BEDFORD HILLS, N.Y. -- Elisia Dones, 59, gazed out the window of the bus as it passed Bedford Hills Correctional Facility, New York’s only maximum-security prison for women, and made a left turn.
The scene in front of her was familiar. Dones spent 1982 to 2003 at Bedford after being convicted of murder in the second degree. Some years, she sang in the inmate talent show, belting out Michael Bolton's "When I'm Back On My Feet Again." Now, she was returning to prison voluntarily -- this time to perform in "The Vagina Monologues."
Dones was one of three formerly incarcerated women cast alongside actresses and activists to perform this past Wednesday at Taconic Correctional Facility, the medium-security women's prison across the street from Bedford. The benefit production was a local effort within V-Day’s One Billion Rising Campaign to end violence against women. Eve Ensler, the playwright and Tony Award winner who wrote "The Vagina Monologues," accompanied the cast as a guest.
Dones, who now lives in the Bronx, said she believed the themes of the iconic feminist play would resonate with the women. "If you watch them, there will be tears that sneak out of a lot of their eyes," she said.
Elisia Dones (left) was incarcerated for 23 years at Bedford Hills. At right, the cast has a group hug before performing "The Vagina Monologues."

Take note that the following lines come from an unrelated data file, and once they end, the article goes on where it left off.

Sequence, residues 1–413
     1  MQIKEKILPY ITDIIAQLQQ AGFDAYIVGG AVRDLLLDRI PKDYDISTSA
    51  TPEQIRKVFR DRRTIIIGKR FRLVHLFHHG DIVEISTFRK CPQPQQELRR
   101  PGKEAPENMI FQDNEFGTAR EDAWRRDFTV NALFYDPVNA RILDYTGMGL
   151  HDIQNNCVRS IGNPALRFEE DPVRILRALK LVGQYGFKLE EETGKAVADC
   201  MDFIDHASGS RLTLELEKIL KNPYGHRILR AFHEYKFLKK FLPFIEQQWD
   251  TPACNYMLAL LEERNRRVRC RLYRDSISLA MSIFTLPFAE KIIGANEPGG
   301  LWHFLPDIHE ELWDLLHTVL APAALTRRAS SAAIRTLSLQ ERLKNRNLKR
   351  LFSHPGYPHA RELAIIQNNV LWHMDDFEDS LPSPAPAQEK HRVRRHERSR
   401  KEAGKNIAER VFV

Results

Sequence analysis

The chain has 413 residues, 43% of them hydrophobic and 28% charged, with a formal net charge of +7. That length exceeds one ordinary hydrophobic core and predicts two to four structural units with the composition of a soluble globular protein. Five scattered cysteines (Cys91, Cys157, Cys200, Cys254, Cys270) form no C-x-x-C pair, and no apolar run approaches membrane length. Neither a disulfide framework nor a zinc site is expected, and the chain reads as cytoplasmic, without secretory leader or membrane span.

Ensler's play, for those not in the know, is a series of monologues about the vagina, based on interviews the playwright did with more than 200 women. The work, which premiered in 1996, explores such topics as menstruation, feminine grooming, orgasms and childbirth, as well as more difficult subjects like child abuse, sexual assault and rape as a weapon of war.
"The women's stories in 'The Vagina Monologues' are the stories of many women in prison,” said Elyse Sholk, who produced the play at Taconic with Elizabeth Mackintosh. “Most are victims of gender-based violence, and more often than not, protecting themselves against this very same violence is what led to their incarceration."
According to a 1999 report by the federal Bureau of Justice Statistics, 57 percent of women in U.S. state prisons had experienced physical or sexual abuse prior to their incarceration. A separate 1999 study that looked at Bedford found that 94 percent of the women studied had experienced physical or sexual abuse, 82 percent had been physically or sexually abused as children, and 75 percent were survivors of domestic violence.